Mahama's works are extraordinary, as they engage more senses than so few other artists' works do. Not only can you see and touch them, which is somehow obvious I know, but you can also smell the old woods, paper sheets, fishnets and tattered jute sacks. His works are testimonials of a history that seemed to be lost, of the new beginning that the curators are trying to showcase, of the humble beginnings of a young and hungry nation determined to redefine the legacy it wants to leave behind. Furthermore, his art shows the dependencies the country had to deal with and the tremendous work that was and undoubtedly still lies in front of the leaders to educate and prepare younger generations for a new future.
My warmest congratulations to Ibrahim for his recently opened artists run project space "The Savannah Centre for Contemporary Art" (SCCA) in Tamale Ghana (more info: www.sccatamale.org). A ground-breaking start to another future, perhaps.
The pavilion and its approach to showcase a diverse range of artists in their various fields, gender and artistic concepts are noteworthy. The organisers chose to display a variety of creative expressions. Starting from the already mentioned paintings by Lynette, the historical artefacts by Ibrahim Mahama, El Anatsui's bottle cap wall sculptures, Selasi Awusi Sosus and John Akomfrah's film productions, and last but not least the portrait photographs of Felicia Ansah Abban.
The two most impressive artworks of the pavilion were the large bottle cap wall sculpture by El Anatsui and the film installation by John Akomfrah. I am going to leave out my impressions on El Anatsuis bottle cap wall. Not out of disrespect, but instead I am going to have a blog article about his current exhibition at Haus der Kunst in Munich soon (July) – so there will be plenty of feelings and emotions to share on him.
Whom I urge to talk about is John Akomfrah, whose video installation blew my mind. I went to the Arsenale twice to see the film for a second time! The video is titled "Four Nocturnes" and touches on various aspects regarding climate change, the fragility of life, the unruliness but still indulgent powers of mother nature, the current miserable state of many Africans, men and women, who are leaving their countries through the desert in the hope of a better life somewhere else. Also, the film covers the occupying colonial forces and the harm they inflicted on African ground. Lastly, John Akomfrah illustrates Ghana's peaceful and lawful fight to liberate itself from the tie of British colonisers by showing Dr Kwame Nkrumah in his office and his speech on the 6th March 1957, our Independence Day.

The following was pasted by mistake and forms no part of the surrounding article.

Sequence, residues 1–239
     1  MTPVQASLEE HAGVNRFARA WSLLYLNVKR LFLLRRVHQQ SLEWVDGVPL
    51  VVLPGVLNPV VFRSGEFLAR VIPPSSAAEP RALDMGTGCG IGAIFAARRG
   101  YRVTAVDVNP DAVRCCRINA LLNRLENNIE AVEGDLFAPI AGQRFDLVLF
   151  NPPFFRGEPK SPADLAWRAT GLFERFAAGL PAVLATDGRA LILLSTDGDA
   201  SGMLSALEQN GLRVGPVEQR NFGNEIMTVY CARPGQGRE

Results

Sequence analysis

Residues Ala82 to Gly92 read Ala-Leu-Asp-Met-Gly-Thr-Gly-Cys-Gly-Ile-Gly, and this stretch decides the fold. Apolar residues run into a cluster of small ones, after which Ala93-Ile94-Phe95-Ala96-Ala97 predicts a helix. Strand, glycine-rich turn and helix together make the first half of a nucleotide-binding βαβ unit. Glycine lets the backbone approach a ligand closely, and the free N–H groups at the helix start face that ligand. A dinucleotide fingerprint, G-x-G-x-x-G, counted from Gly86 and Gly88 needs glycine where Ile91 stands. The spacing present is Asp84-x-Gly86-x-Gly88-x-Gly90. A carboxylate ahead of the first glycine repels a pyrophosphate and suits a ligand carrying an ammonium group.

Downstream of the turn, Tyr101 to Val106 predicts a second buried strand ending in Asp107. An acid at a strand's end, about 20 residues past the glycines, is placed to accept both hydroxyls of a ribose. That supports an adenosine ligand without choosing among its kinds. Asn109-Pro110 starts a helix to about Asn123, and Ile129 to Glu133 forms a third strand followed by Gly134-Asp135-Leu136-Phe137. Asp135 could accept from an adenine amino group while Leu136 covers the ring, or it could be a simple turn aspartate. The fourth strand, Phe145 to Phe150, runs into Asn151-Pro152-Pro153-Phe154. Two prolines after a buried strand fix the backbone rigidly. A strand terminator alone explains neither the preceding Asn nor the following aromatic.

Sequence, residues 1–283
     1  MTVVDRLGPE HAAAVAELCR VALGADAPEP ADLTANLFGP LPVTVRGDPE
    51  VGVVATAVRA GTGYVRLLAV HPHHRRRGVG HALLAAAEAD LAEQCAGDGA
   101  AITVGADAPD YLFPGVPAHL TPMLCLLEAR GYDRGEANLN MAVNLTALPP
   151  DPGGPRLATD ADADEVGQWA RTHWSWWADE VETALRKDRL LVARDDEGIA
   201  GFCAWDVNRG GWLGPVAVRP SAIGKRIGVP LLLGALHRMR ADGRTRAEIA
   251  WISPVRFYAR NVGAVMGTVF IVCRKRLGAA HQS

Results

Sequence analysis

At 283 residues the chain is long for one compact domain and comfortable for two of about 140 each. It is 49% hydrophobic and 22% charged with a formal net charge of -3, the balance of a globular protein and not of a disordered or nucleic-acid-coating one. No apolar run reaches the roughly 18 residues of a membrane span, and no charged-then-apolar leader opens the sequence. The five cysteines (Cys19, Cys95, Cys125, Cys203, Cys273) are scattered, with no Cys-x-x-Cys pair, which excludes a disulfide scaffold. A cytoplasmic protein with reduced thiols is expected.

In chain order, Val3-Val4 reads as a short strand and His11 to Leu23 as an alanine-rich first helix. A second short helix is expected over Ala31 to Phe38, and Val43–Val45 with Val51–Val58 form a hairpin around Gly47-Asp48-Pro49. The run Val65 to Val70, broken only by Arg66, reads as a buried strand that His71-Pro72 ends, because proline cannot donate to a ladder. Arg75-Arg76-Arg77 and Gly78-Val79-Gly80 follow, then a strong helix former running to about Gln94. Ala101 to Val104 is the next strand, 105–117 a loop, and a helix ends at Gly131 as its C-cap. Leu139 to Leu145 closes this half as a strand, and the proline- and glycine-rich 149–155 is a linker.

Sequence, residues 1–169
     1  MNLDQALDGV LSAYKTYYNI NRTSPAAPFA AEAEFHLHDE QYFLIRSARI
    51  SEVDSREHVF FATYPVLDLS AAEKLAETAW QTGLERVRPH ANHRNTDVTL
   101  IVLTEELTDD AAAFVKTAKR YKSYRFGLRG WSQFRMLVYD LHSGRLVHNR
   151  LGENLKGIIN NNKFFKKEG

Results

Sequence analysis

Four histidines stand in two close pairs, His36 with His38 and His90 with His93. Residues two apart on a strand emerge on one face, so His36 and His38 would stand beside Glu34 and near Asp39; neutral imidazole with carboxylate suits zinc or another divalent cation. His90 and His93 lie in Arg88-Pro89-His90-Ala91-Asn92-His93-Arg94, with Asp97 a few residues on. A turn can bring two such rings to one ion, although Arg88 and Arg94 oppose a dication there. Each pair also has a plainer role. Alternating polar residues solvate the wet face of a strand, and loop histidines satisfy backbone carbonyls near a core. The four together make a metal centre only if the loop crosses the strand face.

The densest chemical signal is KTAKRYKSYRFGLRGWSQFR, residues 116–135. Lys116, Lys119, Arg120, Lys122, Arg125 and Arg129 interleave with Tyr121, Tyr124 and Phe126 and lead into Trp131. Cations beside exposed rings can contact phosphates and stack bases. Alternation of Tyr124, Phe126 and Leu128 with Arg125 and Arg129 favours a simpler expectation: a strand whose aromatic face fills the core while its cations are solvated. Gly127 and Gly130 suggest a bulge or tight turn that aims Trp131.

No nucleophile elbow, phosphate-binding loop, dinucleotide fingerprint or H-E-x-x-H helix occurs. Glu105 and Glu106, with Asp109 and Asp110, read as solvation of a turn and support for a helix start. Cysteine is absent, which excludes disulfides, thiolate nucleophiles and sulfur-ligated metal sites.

Usually, when I visit a video installation, the visitors use to come in, stay for a minute or two and leave. It was different with John! The audience came, stayed, paid attention and felt deeply affected. You could witness the silence and excitement in the air. I guess the installation captured the audience because it touches on universal emotions that concern us all. Shame, grief, sorrow, anxiety, joy and pleasure, hope, desire and aspiration all at once, so it seemed. I sat there in the room and could not even capture what I was feeling. My eyes glued to the three screens, switching from one to the other, trying to understand, trying to sort things out, trying to take back control of my mind and wanting to file what I was witnessing. While I am writing this text, I am still not capable of giving you my very own emotional conclusion. Maybe there shouldn't be any conclusion. Perhaps it has sparked something in me, and I'm supposed to figure it out. I do not know! What I do know is that this film had a tremendous impact on me and my life ahead.
It is needless to say that I am very proud of Ghana's first appearance at La Biennale di Venezia (I just did, I know). Ms Oforiata Ayim and her colleagues did a great job showcasing a great nation at the peak of its uprising. It is a pleasant feeling to see so many Africans in the motherland and the diaspora contributing and making an effort to establish their culture on a global and cosmopolitan platform. Another aspect worth mentioning is the fact that this African nation is finally claiming its talents and masterminds for itself. No longer should any writer, news broadcasting station or moderator state that these artists are British artists. They are not! They are Ghanaian artists with British influence as so many other Ghanaian in Ghana and the diaspora are. The future is yet to build! We are ready and willing to create a legacy that will serve our very own needs and desires by sharing our struggle, accomplishments, failures, dreams and aspirations in a way that suits our reality. They say beauty lies in the eyes of the beholder, but it is on us to create the view or perceptions we want to share!